I am you, you are me. We are Community!


Quick guest post from Mitch Garvis – someone I met at a user group in Montreal, before there was a user group for IT Professionals over 6 years ago. He was literally the guy who hung his hat (not a Tilley, unfortunately) at the chair of being the guy to get things started AND to create  a support network of individuals to ensure the user groups success at MITPro.

Rather fitting – I’m going to be speaking at MITPro tomorrow night (register here) as part of the community tour of Virtualization Reality.

Get’s me thinking of folks like Marco and Chris down in Moncton – trying to get something started along these lines as well. here’s to hoping that MariTUG.CA kicks off and gets some local support!

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DSCN0784 (640x565)I am you, you are me. Let me tell you who we are.

I am a PC, an IT Pro, and a member of a local user group. On average one night a month – sometimes twice, often once every couple of months – I attend a meeting where I meet my peers. Some of them are further ahead in their careers and might be able to help me, others are just starting out, and maybe I can help them. That help can be in the form of introductions, advice, mentoring, tips, sometimes just encouragement that I (or they) are on the right track. The payback? long memories, a feeling that we’ve done a good deed, often new friends and associates.

Because I am a member of my community, because I attend these events, I have learned about topics ranging from Home Server to High Performance Computing. I have attended sessions on Small Business Server and on SQL Server and System Center and Exchange. I learned how to build a deployment infrastructure to deploy my operating systems and applications to thousands of PCs, and a better way to install two or three PCs at home. I have learned how to virtualize servers and applications, and how to design and maintain a secure, well-managed infrastructure; I have learned how to save money by deploying Hyper-V and System Center to my existing VMware infrastructure. I have learned how to do nearly anything I want using PowerShell from a funny little man with a lot of passion. I have learned about the optimized desktop and the virtual desktop, and I’ve learned all sorts of stuff about the cloud.

At user group meetings I have gotten to meet peers and colleagues, Microsoft evangelists and Microsoft MVPs, all of who bring their own distinct personalities and styles to events; all of whom are extremely passionate about what they do. I have learned that the only real difference between them and me is that they are standing and speaking while I sit and learn about one topic… and that chances are I know something that they would love to hear me speak about. I’ll bet there’s even someone in that them category who would be willing to help me to do that because just like them I am an expert in something that others will want to learn about, even if it’s as quirky as ‘how I learned the hard way how to not do something.’ After all, experience is the best teacher.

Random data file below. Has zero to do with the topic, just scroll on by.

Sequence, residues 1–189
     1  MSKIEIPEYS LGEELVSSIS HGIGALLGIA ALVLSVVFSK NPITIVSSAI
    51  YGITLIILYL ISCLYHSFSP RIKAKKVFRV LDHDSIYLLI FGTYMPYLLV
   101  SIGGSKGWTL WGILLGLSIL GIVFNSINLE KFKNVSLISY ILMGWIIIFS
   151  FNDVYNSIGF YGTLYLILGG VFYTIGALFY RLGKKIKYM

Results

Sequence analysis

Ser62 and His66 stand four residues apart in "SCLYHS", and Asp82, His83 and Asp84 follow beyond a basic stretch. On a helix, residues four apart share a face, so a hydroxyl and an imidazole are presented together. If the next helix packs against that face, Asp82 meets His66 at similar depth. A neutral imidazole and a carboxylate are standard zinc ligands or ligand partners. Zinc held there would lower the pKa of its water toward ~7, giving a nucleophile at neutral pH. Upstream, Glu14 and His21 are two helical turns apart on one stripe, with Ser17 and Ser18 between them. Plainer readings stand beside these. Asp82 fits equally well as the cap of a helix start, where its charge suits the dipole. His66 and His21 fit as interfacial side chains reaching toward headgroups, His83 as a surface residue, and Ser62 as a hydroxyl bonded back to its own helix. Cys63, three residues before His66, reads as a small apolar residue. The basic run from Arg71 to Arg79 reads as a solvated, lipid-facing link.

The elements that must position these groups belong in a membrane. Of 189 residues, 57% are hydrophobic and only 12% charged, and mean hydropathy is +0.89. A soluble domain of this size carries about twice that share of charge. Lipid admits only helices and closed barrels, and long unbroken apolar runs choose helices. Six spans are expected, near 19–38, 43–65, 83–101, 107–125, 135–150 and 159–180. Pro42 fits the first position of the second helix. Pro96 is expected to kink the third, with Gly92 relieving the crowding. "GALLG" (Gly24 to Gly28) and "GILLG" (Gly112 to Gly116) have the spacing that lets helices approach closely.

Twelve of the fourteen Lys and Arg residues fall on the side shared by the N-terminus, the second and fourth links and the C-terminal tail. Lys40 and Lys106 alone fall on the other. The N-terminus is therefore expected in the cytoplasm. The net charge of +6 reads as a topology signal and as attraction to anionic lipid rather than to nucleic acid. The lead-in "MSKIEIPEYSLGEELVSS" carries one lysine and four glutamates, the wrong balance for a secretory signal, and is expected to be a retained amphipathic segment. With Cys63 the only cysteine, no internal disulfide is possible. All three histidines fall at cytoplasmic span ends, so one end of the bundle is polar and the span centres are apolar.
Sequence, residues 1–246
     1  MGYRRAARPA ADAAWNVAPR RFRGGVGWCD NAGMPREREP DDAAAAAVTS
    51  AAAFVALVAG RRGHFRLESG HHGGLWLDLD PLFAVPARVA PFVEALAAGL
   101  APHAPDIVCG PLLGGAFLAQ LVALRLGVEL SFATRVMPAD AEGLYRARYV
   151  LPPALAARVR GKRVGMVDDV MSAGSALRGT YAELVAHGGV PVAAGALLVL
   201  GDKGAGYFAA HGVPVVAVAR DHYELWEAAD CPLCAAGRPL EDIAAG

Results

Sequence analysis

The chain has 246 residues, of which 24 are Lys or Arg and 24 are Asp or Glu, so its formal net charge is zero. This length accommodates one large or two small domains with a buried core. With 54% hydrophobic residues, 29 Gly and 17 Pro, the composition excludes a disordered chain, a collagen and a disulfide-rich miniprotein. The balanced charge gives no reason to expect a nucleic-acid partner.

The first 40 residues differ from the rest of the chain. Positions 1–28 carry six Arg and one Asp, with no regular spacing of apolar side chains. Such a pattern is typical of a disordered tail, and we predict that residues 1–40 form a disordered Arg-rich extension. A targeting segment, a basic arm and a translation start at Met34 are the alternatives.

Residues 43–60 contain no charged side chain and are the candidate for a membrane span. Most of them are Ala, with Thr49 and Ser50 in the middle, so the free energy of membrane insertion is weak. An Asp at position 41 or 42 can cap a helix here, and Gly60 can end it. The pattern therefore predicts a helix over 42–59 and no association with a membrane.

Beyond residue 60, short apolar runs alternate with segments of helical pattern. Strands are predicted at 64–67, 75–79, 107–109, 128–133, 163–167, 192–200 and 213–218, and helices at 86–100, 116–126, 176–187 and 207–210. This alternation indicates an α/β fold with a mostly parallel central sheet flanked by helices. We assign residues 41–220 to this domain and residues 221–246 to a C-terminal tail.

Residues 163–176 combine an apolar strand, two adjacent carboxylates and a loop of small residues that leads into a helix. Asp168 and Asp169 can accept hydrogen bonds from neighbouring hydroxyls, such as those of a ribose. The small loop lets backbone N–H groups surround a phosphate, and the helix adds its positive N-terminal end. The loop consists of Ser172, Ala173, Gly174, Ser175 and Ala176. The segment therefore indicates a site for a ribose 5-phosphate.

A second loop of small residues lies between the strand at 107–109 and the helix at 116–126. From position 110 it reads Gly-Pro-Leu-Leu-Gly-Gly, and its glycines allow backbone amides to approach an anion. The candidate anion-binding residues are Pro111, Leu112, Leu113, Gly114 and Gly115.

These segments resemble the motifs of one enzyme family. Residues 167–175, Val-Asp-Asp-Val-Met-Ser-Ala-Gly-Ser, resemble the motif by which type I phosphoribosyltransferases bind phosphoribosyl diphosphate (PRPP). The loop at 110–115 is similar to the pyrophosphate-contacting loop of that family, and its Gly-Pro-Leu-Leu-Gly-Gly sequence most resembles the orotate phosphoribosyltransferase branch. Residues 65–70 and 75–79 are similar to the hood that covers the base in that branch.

I am a member of a user group and I may be from Ottawa or Niagara or Perry Sound or Kitchener or Kingston or Toronto, because wherever I am they probably have a group that suits me, whether I am an infrastructure specialist, a database administrator, a developer, a scripter. There are even user groups for me if I live in the cloud, and there are virtual user groups for me if I live in a remote area or travel and cannot attend meetings in person.

I am a member of a user group and sometimes we have pizza and sometimes we go out for drinks and socialize but I am always welcome because user groups are about community. Because I am a member of a user group I get cool benefits such as early invitations and discounts to events like TechDays and TechEd and Springboard Tours! I get newsletters that tell me about new technologies and upcoming events, whether they are from the user group or from vendors. At some point I may be asked to step up and volunteer as a board member, speaker, ticket taker, representative, and if I say no then everyone will understand. If I say yes it might lead to great things – becoming a community leader, an Influencer, an MVP. None of the titles will matter though because I will have learned what people like Sean Kearney, Todd Lamothe, Cory Fowler, Barry Gervin, Brad Bird, Mitch Garvis, and over a hundred and twenty Canadian MVPs have already learned – that giving back to the community is its own reward.


Comments (1)

  1. Sean Kearney says:

    That post just says it all.   Community is far above meeting your peers.  It's sharing pain from what we've learned, it's feeling a little less like a geek when you realize there are others JUST LIKE YOU out there.   IT's also a strong realization that others are often fighting the same problems, and combined we can build greater solutions.

    It's also helps you to gain the courage to do things you never conceived of before…  Some ill conceived (Like singing loudly and offkey 🙂 ) and some that open up your greatest dreams.

    Step up, say Hi to somebody in the community.  Go to a meeting for the heck of it.  For me?  It was a night to myself to be myself.  It turned into something so much greater than I could ever have imagined.

    For me it's truly amazing to realize that in the It / Dev Community you'll find people that look up to you and learn from you offer and that you're learning from them at the same time.

    I'll never look back from the day I took a chance 🙂

    Sean

    "The Energized Tech"

    Retired "Friday Funny Guy"

    Windows Powershell MVP

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